How have the numbers been placed in this Carroll diagram? Which labels would you put on each row and column?
Ahmed is making rods using different numbers of cubes. Which rod is twice the length of his first rod?
Can you each work out the number on your card? What do you notice? How could you sort the cards?
There are 44 people coming to a dinner party. There are 15 square tables that seat 4 people. Find a way to seat the 44 people using all 15 tables, with no empty places.
Choose four different digits from 1-9 and put one in each box so that the resulting four two-digit numbers add to a total of 100.
This task, written for the National Young Mathematicians' Award 2016, invites you to explore the different combinations of scores that you might get on these dart boards.
This problem is based on the story of the Pied Piper of Hamelin. Investigate the different numbers of people and rats there could have been if you know how many legs there are altogether!
This article gives you a few ideas for understanding the Got It! game and how you might find a winning strategy.
If you hang two weights on one side of this balance, in how many different ways can you hang three weights on the other side for it to be balanced?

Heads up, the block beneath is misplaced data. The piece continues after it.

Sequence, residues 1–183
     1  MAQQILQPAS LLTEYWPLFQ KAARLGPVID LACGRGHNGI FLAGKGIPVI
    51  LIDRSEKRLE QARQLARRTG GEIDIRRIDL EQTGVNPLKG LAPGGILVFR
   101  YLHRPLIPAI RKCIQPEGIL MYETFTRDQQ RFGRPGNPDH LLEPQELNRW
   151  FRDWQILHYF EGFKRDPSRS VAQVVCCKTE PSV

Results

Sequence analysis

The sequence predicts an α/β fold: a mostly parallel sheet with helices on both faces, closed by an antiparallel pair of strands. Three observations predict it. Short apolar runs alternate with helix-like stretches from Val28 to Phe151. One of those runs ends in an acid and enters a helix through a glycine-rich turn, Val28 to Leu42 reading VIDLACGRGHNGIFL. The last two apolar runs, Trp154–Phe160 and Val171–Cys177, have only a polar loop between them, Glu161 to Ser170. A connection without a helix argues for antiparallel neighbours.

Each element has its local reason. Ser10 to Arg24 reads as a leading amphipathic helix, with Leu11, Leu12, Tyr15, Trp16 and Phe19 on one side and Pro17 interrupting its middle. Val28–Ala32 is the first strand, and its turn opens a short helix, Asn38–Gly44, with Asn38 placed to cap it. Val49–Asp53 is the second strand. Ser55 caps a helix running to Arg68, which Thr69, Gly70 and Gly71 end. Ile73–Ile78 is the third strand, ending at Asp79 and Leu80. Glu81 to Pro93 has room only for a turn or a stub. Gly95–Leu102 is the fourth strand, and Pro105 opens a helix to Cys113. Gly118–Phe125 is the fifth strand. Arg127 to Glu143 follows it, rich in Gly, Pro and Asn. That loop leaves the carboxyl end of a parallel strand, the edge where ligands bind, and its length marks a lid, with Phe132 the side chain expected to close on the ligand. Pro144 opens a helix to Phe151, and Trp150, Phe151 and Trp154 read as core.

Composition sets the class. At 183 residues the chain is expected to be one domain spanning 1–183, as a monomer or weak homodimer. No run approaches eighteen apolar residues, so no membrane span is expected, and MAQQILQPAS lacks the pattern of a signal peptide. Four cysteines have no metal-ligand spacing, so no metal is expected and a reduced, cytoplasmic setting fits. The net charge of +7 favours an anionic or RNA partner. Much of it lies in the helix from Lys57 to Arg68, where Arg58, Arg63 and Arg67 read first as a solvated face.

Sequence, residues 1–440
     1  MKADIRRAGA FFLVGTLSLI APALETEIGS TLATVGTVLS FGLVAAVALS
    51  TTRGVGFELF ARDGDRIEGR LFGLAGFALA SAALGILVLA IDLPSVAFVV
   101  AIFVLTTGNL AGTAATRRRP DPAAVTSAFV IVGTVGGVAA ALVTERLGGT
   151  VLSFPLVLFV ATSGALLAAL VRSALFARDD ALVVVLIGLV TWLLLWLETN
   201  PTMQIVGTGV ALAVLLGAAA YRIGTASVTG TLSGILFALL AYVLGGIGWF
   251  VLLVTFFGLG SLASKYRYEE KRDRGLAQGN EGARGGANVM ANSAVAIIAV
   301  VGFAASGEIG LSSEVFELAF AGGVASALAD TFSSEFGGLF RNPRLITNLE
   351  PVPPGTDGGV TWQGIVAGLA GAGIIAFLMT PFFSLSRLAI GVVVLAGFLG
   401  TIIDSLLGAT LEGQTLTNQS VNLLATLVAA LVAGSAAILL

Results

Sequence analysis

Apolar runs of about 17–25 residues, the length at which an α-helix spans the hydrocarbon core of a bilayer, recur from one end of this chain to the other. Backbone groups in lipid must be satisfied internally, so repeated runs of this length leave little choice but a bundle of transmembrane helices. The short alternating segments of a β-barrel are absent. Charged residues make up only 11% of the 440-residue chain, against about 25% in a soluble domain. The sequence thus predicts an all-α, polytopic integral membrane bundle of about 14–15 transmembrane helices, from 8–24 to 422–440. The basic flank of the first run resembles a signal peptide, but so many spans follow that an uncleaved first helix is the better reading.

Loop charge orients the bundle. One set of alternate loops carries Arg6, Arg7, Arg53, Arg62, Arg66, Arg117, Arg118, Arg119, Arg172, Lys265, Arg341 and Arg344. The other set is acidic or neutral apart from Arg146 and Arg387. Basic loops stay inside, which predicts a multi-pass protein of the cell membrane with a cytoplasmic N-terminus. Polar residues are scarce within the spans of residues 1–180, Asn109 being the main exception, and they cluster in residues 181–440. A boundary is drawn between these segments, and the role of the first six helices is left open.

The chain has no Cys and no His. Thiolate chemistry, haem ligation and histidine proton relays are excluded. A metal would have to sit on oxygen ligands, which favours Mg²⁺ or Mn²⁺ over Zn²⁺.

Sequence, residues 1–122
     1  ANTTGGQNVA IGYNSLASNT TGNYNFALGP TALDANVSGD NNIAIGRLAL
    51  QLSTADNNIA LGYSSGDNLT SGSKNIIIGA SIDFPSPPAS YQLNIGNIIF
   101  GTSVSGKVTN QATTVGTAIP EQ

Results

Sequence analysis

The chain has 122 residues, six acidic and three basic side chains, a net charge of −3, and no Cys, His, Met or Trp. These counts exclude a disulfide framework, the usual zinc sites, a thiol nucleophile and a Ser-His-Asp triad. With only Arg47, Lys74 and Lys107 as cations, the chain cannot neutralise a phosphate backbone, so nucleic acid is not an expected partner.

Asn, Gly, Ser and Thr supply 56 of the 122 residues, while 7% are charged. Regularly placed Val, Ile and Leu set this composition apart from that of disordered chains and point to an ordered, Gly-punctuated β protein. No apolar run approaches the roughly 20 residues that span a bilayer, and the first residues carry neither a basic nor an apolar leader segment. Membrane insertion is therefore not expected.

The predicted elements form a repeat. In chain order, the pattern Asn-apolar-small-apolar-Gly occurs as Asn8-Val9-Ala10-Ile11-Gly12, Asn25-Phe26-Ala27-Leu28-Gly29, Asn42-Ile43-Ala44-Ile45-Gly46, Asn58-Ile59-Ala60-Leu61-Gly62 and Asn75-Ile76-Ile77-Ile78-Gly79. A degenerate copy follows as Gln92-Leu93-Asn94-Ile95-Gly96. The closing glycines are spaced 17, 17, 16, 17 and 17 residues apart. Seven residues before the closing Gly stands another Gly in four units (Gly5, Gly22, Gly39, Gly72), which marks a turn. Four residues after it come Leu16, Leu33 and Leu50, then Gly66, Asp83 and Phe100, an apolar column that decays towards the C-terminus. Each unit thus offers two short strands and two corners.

In how many ways could Mrs Beeswax put ten coins into her three puddings so that each pudding ended up with at least two coins?
There are 4 jugs which hold 9 litres, 7 litres, 4 litres and 2 litres. Find a way to pour 9 litres of drink from one jug to another until you are left with exactly 3 litres in three of the jugs.
In a square in which the houses are evenly spaced, numbers 3 and 10 are opposite each other. What is the smallest and what is the largest possible number of houses in the square?
Can you put plus signs in so this is true? 1 2 3 4 5 6 7 8 9 = 99 How many ways can you do it?
There are to be 6 homes built on a new development site. They could be semi-detached, detached or terraced houses. How many different combinations of these can you find?
This problem is based on a code using two different prime numbers less than 10. You'll need to multiply them together and shift the alphabet forwards by the result. Can you decipher the code?